“Bite-Size Bits of Local, National, and Global History”
“Bite-Size Bits of Local, National, and Global History”
Trenton in Mercer County, New Jersey — The American Northeast (Mid-Atlantic)

Douglass House

Douglass House Marker image. Click for full size.
By Gary Nigh, November 2007
1. Douglass House Marker
Inscription. Circa 1766, Home of Alexander Douglass, Quartermaster in Washington’s Army, who fought in the Battle of Assunpink, Jan. 2, 1777.
Here on that date General Washington held the Council of War. Washington’s idea was to leave campfires burning on the south bank of the Assunpink allowing his men to move out toward Princeton under the cover of darkness, leaving the enemy on the opposite bank unaware. Many military historians deem this the boldest plot in American military history. The successful battles of Trenton are said to be the turning point of the Revolution.
The Douglass House has been moved several times having been built at the site of the Lutheran Church on South Broad Street.
Listed on the National Register of Historic Places.
Erected 1978 by Old Mill Hill Society.
Location. Marker has been reported missing. It was located near 40° 13.137′ N, 74° 45.704′ W. Marker was in Trenton, New Jersey, in Mercer County. Marker was at the intersection of East Front Street and South Montgomery Street, on the right when traveling east on East Front Street. Touch for map. Marker was in this post office area: Trenton NJ 08611, United States of America.
Other nearby markers. At least 8 other markers are within walking distance of this location
Douglass House Marker image. Click for full size.
By Gary Nigh, November 2007
2. Douglass House Marker
. The Alexander Douglass House (here, next to this marker); Alexander Douglass House on the Move (a few steps from this marker); Mill Hill Playhouse (within shouting distance of this marker); Washington Crossing the Delaware (within shouting distance of this marker); Mill Hill Historic District (within shouting distance of this marker); Trenton YMCA (about 500 feet away, measured in a direct line); Mill Hill Park (about 600 feet away); Historic Downtown Trenton (about 600 feet away). Touch for a list and map of all markers in Trenton.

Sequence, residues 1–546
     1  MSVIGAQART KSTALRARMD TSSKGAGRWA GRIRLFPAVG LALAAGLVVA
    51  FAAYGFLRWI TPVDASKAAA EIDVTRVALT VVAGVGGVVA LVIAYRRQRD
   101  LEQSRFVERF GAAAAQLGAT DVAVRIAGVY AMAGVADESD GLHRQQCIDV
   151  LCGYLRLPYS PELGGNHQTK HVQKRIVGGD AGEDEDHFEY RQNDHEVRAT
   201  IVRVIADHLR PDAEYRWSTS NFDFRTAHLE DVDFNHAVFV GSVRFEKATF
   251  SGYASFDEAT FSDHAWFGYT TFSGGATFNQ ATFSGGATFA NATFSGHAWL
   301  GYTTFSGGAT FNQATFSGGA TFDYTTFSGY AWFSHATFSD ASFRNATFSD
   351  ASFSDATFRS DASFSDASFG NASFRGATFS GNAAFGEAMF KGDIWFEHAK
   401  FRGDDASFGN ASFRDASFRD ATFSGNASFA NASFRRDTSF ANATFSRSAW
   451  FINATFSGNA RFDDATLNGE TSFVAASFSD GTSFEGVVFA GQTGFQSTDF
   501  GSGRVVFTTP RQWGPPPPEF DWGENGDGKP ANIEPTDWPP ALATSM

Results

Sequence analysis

Regarding Douglass House. Listed in the New Jersey and National Registers of Historic Places, the Douglass house is a significant piece of Trenton’s history. It is representative of late 18th -early 19th century rowhomes found in Trenton. The long history of the Douglass house is interwoven with the Revolutionary War, the development of Trenton and the resurgence of interest in US history that occurred in the early 20th century. While the Douglass house has been moved three times, the significance of the house has not diminished.

Owned by the City of Trenton, the Douglass House is currently open for special events only. There is also a marker (House of Alexander Douglass) on the original site of this house, South Broad Street at Livingston Street. See
Douglass House in Summer 2008 image. Click for full size.
By Gary Nigh, August 2008
3. Douglass House in Summer 2008
The Douglas House started undergoing extensive exterior renovations in Summer 2008. The marker has been removed temporarily as the plaza surrounding the house is being completely rebuilt.
related markers link for the HMdb page about that marker.
Related markers. Click here for a list of markers that are related to this marker. To better understand the relationship, study each marker in the order shown.
Also see . . .  Alexander Douglass House (1766)... A short article about the house, hosted on the Ten Crucial Days... website. The website commemorates the crossing of the Delaware and the Battles of Trenton and Princeton. (Submitted on December 1, 2007, by Kevin W. of Stafford, Virginia.) 
Categories. Colonial EraNotable EventsNotable PersonsWar, US Revolutionary
Credits. This page was last revised on June 16, 2016. This page originally submitted on November 27, 2007, by Gary Nigh of Trenton, New Jersey. This page has been viewed 1,343 times since then and 3 times this year. Photos:   1, 2. submitted on November 27, 2007, by Gary Nigh of Trenton, New Jersey.   3. submitted on August 17, 2008, by Gary Nigh of Trenton, New Jersey. • Kevin W. was the editor who published this page.
Editor’s want-list for this marker. Pictures of the inside of the house. • Can you help?
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